Asteroid 39 Laetitia at opposition

2015 Nov 7

Dominic Ford – originally published on

Asteroid 39 Laetitia will be well placed for observation, lying in the constellation Cetus, well above the horizon for much of the night.

Regardless of your location on the Earth, Laetitia will reach its highest point in the sky at around midnight local time.

From London (click to change), it will be visible between 20:43 and 03:20. It will become accessible at around 20:43, when it rises 24° above your south-eastern horizon, and then reach its highest point in the sky at 00:04, 39° above your southern horizon. It will become inaccessible at around 03:20 when it sinks to 25° above your south-western horizon.

The geometry of the alignment

This optimal positioning occurs when it makes its closest approach to the point in the sky directly opposite to the Sun – an event termed opposition. Since the Sun reaches its greatest distance below the horizon at midnight, the point opposite to it is highest in the sky at the same time.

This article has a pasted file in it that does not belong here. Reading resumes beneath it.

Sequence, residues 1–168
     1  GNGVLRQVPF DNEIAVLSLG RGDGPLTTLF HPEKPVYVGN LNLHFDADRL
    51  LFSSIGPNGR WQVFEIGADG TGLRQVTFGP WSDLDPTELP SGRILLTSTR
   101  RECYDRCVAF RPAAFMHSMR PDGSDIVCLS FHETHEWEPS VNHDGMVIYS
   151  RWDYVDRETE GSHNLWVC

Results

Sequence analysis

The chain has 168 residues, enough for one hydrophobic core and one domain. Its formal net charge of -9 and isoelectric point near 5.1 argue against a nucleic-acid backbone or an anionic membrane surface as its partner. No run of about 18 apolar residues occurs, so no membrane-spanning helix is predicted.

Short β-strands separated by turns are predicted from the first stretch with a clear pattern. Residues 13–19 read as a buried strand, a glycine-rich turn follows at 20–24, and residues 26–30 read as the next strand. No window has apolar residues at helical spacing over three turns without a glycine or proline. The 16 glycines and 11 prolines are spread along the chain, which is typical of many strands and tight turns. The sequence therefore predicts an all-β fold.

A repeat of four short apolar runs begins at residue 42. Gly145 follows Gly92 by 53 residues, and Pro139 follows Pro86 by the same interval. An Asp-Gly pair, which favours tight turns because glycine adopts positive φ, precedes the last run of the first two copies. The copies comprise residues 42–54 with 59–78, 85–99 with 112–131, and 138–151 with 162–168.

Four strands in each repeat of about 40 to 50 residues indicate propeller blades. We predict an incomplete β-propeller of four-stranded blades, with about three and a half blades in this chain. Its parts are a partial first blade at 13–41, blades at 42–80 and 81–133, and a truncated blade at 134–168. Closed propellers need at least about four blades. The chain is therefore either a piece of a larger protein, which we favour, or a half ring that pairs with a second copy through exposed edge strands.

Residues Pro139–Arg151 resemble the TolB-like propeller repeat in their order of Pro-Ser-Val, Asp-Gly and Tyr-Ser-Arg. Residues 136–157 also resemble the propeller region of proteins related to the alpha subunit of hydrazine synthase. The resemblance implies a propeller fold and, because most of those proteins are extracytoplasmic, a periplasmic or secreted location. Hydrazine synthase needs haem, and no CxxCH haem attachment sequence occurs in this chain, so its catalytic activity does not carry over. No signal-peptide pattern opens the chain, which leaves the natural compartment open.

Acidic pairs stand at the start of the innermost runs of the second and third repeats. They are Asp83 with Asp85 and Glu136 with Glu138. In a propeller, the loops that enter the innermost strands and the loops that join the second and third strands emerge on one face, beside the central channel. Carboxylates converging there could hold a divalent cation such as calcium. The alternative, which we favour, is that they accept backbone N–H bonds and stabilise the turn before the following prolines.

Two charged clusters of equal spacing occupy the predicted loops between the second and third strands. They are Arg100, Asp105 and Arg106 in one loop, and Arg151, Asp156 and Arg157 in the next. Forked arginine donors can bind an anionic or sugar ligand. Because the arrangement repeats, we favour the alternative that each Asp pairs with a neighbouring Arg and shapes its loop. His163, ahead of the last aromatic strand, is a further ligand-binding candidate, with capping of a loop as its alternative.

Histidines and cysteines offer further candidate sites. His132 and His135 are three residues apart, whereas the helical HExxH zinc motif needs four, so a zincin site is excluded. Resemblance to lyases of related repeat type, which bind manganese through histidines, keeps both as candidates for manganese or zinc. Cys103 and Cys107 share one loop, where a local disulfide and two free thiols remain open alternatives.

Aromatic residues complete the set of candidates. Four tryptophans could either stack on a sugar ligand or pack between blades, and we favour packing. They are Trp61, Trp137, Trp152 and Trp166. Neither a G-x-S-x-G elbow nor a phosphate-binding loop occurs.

At around the same time that Laetitia passes opposition, it also makes its closest approach to the Earth – termed its perigee – making it appear at its brightest in the night sky. This happens because when Laetitia lies opposite to the Sun in the night sky, the solar system is lined up so that Laetitia, the Earth and the Sun lie in a straight line with the Earth in the middle, on the same side of the Sun as Laetitia.

On this occasion, Laetitia will pass within 1.537 AU of us, reaching a peak brightness of magnitude 8.9. Nonetheless, even at its brightest, Laetitia is a faint object beyond the reach of the naked eye or binoculars; a telescope of moderate aperture and a good star chart are needed.

The exact position of Laetitia at the moment of opposition will be as follows:

Object Right Ascension Declination Constellation Magnitude
Asteroid 39 Laetitia 03h07m20s +01°07′ Cetus 8.9

The coordinates above are given in J2000.0.

The details of this observing event were provided courtesy of